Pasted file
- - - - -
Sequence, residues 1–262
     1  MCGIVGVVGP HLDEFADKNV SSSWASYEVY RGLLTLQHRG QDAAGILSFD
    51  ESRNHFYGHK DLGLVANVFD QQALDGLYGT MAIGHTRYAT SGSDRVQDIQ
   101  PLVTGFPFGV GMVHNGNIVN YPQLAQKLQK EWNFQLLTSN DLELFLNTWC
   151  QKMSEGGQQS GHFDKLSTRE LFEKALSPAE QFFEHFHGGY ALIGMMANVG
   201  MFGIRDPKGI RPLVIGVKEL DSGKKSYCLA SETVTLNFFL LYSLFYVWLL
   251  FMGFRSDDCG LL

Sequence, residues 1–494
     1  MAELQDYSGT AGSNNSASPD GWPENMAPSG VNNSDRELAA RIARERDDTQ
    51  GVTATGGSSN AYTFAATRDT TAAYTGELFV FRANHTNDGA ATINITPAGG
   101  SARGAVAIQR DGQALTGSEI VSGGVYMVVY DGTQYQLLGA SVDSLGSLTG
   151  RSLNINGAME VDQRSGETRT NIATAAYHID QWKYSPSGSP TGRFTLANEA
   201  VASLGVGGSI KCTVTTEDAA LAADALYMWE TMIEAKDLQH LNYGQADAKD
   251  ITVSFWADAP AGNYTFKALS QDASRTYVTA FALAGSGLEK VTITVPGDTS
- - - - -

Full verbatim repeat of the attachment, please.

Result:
Sequence, residues 1–262
     1  MCGIVGVVGP HLDEFADKNV SSSWASYEVY RGLLTLQHRG QDAAGILSFD
    51  ESRNHFYGHK DLGLVANVFD QQALDGLYGT MAIGHTRYAT SGSDRVQDIQ
   101  PLVTGFPFGV GMVHNGNIVN YPQLAQKLQK EWNFQLLTSN DLELFLNTWC
   151  QKMSEGGQQS GHFDKLSTRE LFEKALSPAE QFFEHFHGGY ALIGMMANVG
   201  MFGIRDPKGI RPLVIGVKEL DSGKKSYCLA SETVTLNFFL LYSLFYVWLL
   251  FMGFRSDDCG LL

Sequence, residues 1–494
     1  MAELQDYSGT AGSNNSASPD GWPENMAPSG VNNSDRELAA RIARERDDTQ
    51  GVTATGGSSN AYTFAATRDT TAAYTGELFV FRANHTNDGA ATINITPAGG
   101  SARGAVAIQR DGQALTGSEI VSGGVYMVVY DGTQYQLLGA SVDSLGSLTG
   151  RSLNINGAME VDQRSGETRT NIATAAYHID QWKYSPSGSP TGRFTLANEA
   201  VASLGVGGSI KCTVTTEDAA LAADALYMWE TMIEAKDLQH LNYGQADAKD
   251  ITVSFWADAP AGNYTFKALS QDASRTYVTA FALAGSGLEK VTITVPGDTS